President Ian Khama has been honoured by the International Union for the Conservation of Nature (ICUN) with a lifetime honorary membership for his “life-long commitment to the environment”.
Government spokesperson, Dr Jeff Ramsay, said that the award to President Khama was presented by Prince Carl Phillip of Sweden, an IUCN patron, and was received on the President’s behalf by Botswana’s ambassador to Japan, Pule Mphothwe. He added that it consists of a certificate and a citation. It was created at the founding of IUCN in 1948.
There have been many distinguished recipients in the past.
┬áHe revealed that the government of Botswana has been a state member of the IUCN since 1991, and has jointly carried out some important conservation activities such as the Okavango Management Development Plan, the Kalahari-Namib trans-boundary land management programme, the Orange-Senqu trans boundary water management, the Zambezi Basin Wetlands Conservation and Resource Utilization Project and the National Community Based Natural Resources Management (CBNRM).
“He has a keen interest in community participatory conservation projects and in 1990 mobilized the people of Botswana to establish the Khama Rhino Sanctuary at a time when there were only six animals left in Botswana,” said Ramsay.
He added that in 1991, he became the first chair and founding trustee of Mokolodi nature reserve (educational park in Botswana) and is now the Patron of the Trust. Ramsay stated that Khama has encouraged and promoted conservation trusts like Moremi Gorge, Lepokole Hills historical sites, and Qchwihaba caves: local projects that benefit communities through ecotourism. He said he also started Botswana’s first anti- poaching unit through KCS and introduced the Botswana Defence Force?anti-poaching function, which still undertakes that function to date.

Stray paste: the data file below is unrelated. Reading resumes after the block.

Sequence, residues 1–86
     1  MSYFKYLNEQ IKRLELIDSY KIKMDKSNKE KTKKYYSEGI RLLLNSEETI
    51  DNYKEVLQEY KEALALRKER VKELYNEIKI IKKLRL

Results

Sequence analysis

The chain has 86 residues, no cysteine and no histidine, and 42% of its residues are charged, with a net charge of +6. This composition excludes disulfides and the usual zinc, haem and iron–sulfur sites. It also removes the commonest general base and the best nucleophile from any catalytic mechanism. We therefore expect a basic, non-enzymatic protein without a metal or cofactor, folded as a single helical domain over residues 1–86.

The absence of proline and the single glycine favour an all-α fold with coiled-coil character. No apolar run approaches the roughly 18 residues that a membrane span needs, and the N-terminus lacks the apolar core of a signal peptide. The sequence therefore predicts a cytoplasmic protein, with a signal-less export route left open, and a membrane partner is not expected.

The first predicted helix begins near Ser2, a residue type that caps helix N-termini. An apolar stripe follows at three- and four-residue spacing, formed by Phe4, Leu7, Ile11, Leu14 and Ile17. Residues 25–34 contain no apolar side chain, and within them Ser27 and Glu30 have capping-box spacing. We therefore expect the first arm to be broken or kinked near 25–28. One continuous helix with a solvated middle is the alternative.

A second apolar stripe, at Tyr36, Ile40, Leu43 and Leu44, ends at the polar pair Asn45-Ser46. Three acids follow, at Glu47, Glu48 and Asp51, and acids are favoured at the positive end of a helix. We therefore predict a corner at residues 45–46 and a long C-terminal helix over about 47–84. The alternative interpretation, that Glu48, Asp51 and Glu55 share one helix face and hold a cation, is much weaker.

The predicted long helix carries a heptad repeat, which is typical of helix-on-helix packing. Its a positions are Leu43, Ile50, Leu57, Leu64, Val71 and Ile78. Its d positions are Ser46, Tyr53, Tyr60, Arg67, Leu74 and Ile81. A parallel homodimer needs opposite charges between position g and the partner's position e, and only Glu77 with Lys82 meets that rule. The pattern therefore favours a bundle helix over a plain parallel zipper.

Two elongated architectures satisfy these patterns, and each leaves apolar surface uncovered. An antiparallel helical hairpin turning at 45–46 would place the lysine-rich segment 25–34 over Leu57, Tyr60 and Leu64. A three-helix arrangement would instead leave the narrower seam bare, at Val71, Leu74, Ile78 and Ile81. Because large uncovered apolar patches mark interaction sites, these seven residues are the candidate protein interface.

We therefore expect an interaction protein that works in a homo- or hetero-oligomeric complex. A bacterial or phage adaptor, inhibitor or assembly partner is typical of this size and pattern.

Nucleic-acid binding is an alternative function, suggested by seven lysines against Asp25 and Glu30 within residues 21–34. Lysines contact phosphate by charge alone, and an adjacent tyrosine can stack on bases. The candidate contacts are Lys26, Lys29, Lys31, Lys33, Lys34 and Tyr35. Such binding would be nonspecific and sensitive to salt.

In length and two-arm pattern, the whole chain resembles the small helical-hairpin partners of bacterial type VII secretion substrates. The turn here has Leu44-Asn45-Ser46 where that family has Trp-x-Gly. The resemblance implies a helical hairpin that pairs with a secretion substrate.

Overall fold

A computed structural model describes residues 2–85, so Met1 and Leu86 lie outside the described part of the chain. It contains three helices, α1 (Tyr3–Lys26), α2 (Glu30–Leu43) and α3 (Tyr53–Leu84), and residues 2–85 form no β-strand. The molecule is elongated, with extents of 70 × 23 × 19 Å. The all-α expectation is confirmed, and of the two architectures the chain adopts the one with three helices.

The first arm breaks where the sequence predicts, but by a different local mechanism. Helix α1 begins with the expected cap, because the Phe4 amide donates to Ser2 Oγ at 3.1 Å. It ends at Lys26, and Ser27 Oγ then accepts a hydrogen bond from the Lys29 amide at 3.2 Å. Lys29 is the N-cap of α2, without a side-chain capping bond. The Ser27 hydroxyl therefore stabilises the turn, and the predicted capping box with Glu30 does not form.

“In May 2012 he co-hosted, together with Conservation International, a summit on sustainable development in Africa that brought together ten African nations and numerous public and private sector partners to voice their support for the value of natural capital in national accounting,” said Ramsay.
He stated that the summit culminated in the Gaborone Declaration, which contains a set of concrete principles and development goals that move the value of natural capital to the centre of development planning.
Khama was one of 11 individuals so honoured at the Congress, of which the other awardees included Dr Abdulaziz Abuzinada, Saudi Arabia, Ms Angela Cropper, Trinidad and Tobago, Dr Aila Keto, Australia and Mr Veit Koester, Denmark.
Headquartered in Switzerland, the IUCN is the world’s oldest and largest global environmental network, whose membership consists of more than a thousand government and NGO member organizations.